Monday, September 30, 2013

September Chapter

Welcome to the Read.Write.Repeat. monthly wrap-up.  Every month, I give a quick overview of what books I read, the progress made on the 100 Best Novels goal, a few book-related links, and general blog news.  

September News

I kicked off September with my first review for a book tour.  I had a great experience partnering with TLC Tours.  I really enjoyed Visiting Tom by Michael Perry.  I am excited about future book tours.  You can look forward to my first partnership with Novel Publicity later this week.  I also have two more TLC Tours lined up for later this fall.  I'm excited about each one! You can always count on my honest opinion.  That's a promise.

Thursday, September 26, 2013

Ulysses - James Joyce

I finally did it.  I triumphed over James Joyce!

Ok, I'm not actually sure I can say that.  After all, I think I understand about 10% of this so-called masterpiece.  I can honestly say that I have never read a more confusing book in my life.  Anyone who claims to understand this work completely is lying.  There is nothing else to it.  Joyce himself predicted that it would talk generations to get to the bottom of Ulysses's layers.

Tuesday, September 24, 2013

Someday, Someday, Maybe - Lauren Graham

I have a confession to make.

I never would have picked up this book had it not been written by the incomparable Lauren Graham.  Recently, you may know her from the show Parenthood, but more than likely you, like I, see her forever as Lorelei Gilmore.

Yeah.  That Lorelei.  The one with wild jungle brain and the most perfect daughter ever known to television.  She wrote a book.  Ok, technically the actress who played Lorelei wrote the book, but that seems a small detail to note.  Obviously, I was going to read it.  It really didn't even matter what it was about.

Friday, September 20, 2013

The Dinner - Herman Koch

Are you as happy as I am that it is Friday?  Probably not.  I'm pretty happy.  I live for weekends these days.  Weekends mean hanging out with Kevin, reading, writing blogs for the next week, and general relaxation.  Far better than being at the office.

Weekends sometimes mean dinners out.  Kevin and I love good food.  We realized this year that we are actually a bit snobby sometimes about our food, though only at restaurants.  We love a good fancy dinner. We really need no occasion to go; it's a bad habit for our bank account.  With all our expensive taste, though, we have yet to visit a restaurant like the one in Herman Koch's The Dinner. This unnamed restaurant, which serves as the setting for the book, would far exceed our budget, even for a special occasion.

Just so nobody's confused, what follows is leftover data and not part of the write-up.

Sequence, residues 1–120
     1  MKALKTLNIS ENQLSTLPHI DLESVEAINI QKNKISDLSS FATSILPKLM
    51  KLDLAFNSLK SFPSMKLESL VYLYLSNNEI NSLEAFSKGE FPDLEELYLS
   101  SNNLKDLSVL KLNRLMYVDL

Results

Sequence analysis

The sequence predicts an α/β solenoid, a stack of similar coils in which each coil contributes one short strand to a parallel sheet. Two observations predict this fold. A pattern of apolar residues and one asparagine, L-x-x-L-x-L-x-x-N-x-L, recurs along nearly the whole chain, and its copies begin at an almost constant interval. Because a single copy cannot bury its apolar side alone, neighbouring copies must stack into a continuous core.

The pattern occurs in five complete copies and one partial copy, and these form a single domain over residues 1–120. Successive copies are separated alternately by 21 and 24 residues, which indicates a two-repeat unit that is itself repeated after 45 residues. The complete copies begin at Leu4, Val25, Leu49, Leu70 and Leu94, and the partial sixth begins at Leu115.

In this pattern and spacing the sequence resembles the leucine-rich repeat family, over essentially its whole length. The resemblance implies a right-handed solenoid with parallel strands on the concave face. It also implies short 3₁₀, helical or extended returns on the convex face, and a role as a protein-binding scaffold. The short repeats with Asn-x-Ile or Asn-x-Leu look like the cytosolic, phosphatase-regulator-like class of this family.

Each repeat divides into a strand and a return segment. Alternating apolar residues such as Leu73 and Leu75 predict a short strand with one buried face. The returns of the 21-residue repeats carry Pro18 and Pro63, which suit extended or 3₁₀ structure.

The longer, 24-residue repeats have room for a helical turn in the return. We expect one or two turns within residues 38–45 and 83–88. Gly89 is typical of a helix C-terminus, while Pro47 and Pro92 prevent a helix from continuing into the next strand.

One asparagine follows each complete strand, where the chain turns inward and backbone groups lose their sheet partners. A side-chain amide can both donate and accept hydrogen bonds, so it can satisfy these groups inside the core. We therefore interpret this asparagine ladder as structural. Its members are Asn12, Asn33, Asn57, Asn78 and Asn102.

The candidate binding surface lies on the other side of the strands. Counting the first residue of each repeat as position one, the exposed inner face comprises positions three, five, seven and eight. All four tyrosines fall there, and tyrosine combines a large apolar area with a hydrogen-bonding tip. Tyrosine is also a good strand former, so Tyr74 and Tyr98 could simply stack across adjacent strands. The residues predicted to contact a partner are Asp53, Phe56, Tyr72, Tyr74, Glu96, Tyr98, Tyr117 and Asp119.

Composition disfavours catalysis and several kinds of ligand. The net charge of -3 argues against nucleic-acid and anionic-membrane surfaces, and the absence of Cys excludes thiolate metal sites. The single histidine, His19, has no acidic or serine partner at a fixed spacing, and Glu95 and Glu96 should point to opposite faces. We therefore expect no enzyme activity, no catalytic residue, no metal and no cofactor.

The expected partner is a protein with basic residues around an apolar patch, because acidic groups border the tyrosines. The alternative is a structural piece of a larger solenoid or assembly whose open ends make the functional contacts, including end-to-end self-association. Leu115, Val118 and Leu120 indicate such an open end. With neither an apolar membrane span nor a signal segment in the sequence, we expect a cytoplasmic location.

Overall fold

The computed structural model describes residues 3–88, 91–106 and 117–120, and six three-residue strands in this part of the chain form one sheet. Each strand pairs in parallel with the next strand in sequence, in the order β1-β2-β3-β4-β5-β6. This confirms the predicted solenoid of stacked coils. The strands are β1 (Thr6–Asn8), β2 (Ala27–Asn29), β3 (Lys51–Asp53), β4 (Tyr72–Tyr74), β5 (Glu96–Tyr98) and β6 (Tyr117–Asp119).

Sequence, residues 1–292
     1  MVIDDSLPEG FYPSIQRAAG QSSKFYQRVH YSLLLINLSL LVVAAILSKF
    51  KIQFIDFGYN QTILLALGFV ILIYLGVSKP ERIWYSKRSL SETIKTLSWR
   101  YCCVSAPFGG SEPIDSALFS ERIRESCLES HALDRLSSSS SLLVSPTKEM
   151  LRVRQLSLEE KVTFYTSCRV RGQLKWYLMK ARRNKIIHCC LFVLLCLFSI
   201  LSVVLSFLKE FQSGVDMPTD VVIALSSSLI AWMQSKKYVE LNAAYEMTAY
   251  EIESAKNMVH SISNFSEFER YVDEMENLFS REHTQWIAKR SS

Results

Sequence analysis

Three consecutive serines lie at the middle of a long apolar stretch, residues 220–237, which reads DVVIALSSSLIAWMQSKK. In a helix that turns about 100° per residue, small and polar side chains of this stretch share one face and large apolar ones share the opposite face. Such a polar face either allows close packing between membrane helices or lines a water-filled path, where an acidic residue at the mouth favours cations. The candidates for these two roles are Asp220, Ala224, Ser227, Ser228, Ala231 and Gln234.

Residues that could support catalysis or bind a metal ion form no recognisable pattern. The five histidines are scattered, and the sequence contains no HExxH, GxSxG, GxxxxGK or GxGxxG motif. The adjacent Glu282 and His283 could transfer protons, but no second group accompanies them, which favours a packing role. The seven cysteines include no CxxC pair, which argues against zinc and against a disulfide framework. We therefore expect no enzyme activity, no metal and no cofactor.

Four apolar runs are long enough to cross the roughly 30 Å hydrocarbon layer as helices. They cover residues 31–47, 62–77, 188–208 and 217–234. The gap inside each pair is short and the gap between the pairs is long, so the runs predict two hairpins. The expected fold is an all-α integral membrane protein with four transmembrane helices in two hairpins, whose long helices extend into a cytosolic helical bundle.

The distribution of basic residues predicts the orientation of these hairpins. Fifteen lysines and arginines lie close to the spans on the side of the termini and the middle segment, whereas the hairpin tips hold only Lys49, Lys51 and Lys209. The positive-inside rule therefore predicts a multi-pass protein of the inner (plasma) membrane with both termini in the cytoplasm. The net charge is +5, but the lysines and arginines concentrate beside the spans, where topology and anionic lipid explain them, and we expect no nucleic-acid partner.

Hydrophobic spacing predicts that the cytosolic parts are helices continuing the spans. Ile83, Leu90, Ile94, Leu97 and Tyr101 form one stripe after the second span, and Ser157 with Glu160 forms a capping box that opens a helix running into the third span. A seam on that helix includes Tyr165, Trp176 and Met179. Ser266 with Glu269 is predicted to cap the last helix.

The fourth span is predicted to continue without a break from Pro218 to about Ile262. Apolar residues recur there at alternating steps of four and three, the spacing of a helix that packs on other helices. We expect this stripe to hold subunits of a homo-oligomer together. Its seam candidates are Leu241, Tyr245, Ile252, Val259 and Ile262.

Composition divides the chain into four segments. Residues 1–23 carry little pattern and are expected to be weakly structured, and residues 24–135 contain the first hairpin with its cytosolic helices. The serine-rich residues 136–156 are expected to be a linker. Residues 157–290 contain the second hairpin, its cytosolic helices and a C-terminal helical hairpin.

Koch, a Dutch author, breaks the book into sections, each named after a dinner course.  The entirety of the novel takes place in one evening at the restaurant. Though Koch employs a series of memories to fill in more details, the main event is one dinner. Two brothers and their wives dine together. Paul, the main character, resents his sibling, Serge, who is expected to be the next prime minster.  

At first, the book seems to just be about an unpleasant evening born out of the necessity of familial relations.  As more is revealed, however, it becomes obvious that this is no ordinary dinner.  These couples are together to discuss the actions of their sons and how to handle them.

Wednesday, September 18, 2013

Slaughterhouse-Five - Kurt Vonnegut

As I mentioned on Monday, my posting schedule is a bit off this week.  Rather than the typical Tuesday/Thursday posts, I am spacing out three posts this week.  Hopefully you stopped by on Monday to read about The Prime of Miss Jean Brodie.  Today, I am once again touching on a book from the 100 Best Novels list.  Before you raise your hand and complain that I am not delivering the variety I promised for this week, take heart in the fact that Slaughterhouse-Five is about as far from Brodie as one can get.

Back in high school, I remember being given a list of books to choose from for a project. Slaughterhouse-Five had made the list and one of my classmates chose it.  I remember having only a vague impression of Kurt Vonnegut's work; it was out there.  Don't ask what I picked; I'm sure it was something far from controversial.

Had I read Slaughterhouse-Five as a high school sophomore, I undoubtedly would have had a much different opinion of it than I do now.  The book is a bit "out there."  It is a satirical look at WWII and alien abduction.  Yes, both of those things. The aliens are what take it a bit off the rails for me.